Boffins find Galaxy making killer radiation, rule out Samsung phone as source

Fast gamma rays and fast radio bursts tracked to same source

NASA's exploding star illustration

It's not just radio any more: Penn State University boffins have turned up a “fast gamma ray burst” that correlates with a source of a fast radio burst (FRB).

The still-mysterious FRBs have excited astro-boffins ever since 2013.

In 2015, Australian astronomer Emily Petroff pulled off the first real-time observation of an FRB – a neat trick when the phenomenon is transient – and by March of this year, a Cornell University paper described a repeating FRB.

Now, the same thing's been spotted in the gamma wavelengths – and according to this paper, the gamma output of FRB 131104 (also discovered by Australia's Parkes radio telescope) is a billion times its radio-frequency output.

The radio and gamma ray bursts came from the direction of Carina, a dwarf spheroidal galaxy.

The boffins were supremely lucky: as the Penn release (at Eurekalert) notes, the discovery came about because NASA's Swift satellite was looking at the right bit of sky in November 2013.

Penn professor Derek Fox says “Although theorists had anticipated that FRBs might be accompanied by gamma rays, the gamma-ray emission we see from FRB 131104 is surprisingly long-lasting and bright”.

The gamma-ray outburst lasted up to six minutes, compared to the milliseconds of radio signals that came from FRB131104.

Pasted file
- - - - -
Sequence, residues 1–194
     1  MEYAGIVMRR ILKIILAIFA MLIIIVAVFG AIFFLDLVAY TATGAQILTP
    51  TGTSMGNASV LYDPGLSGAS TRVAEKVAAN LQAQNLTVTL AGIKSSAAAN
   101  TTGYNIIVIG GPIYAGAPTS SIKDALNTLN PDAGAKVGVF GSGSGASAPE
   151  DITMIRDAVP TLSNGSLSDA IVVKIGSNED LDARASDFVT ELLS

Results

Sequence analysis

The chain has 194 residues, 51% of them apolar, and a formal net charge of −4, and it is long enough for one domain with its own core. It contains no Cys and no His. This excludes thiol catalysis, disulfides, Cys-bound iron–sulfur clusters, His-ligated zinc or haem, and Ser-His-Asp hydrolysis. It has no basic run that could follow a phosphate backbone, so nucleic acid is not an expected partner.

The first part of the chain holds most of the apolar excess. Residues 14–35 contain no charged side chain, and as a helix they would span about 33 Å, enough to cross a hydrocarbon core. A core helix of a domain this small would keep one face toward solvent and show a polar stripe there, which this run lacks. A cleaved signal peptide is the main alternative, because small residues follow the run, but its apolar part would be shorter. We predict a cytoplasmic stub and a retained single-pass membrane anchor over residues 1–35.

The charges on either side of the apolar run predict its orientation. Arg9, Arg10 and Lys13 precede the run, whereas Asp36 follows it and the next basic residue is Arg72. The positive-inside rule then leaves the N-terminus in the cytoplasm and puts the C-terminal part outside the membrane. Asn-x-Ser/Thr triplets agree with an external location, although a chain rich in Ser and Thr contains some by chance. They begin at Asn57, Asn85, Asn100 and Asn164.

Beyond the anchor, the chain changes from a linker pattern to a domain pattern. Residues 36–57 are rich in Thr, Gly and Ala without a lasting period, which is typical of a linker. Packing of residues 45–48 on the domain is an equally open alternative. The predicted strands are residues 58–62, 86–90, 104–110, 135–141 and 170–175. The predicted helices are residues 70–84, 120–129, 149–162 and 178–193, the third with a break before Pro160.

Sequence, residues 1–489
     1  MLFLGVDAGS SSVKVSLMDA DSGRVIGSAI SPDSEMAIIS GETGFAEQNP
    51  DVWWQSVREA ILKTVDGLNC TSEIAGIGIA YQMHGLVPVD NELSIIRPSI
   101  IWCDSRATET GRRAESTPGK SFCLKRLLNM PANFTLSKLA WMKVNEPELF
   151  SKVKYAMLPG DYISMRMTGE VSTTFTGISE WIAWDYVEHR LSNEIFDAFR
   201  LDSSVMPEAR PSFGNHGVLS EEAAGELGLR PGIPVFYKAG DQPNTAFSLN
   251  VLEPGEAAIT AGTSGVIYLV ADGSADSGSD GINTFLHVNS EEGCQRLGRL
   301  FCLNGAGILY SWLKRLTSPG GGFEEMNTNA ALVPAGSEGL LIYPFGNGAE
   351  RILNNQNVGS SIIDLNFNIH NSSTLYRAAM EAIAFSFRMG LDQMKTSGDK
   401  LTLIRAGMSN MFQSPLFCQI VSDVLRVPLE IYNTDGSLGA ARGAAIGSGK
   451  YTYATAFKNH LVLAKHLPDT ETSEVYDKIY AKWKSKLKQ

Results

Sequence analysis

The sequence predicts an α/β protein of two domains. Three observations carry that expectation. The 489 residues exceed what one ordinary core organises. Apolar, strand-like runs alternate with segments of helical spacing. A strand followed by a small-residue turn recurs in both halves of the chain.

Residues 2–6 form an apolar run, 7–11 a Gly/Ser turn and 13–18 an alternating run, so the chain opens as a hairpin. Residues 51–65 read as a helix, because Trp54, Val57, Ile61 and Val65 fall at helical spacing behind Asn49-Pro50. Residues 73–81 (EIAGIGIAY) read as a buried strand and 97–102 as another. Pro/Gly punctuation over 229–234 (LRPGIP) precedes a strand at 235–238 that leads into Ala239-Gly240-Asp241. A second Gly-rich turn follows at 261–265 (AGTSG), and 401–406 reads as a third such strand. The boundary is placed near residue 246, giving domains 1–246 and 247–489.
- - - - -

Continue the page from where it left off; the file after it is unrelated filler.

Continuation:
Both the duration and the intensity – “more than a billion times” that of the radio output of the event – indicates an event that would be bad news for anyone nearby.

Possible causes could include flares from magnetars (highly magnetised neutron stars); neutron stars colliding to form a black hole; or perhaps some kind of supernova or black hole accretion event. All of these would ruin your day if you happened to live in the same galaxy.

To choose between them, Fox believes theorists will have to get to work on their maths (which, according to research by the University of Exeter, frightens even physicists): “The problem is that no existing models predict that we would see an FRB in these cases”.

As the abstract of the paper notes, correlated FRB-and-gamma ray sources will provide a handy “candle” for probing the universe. ®


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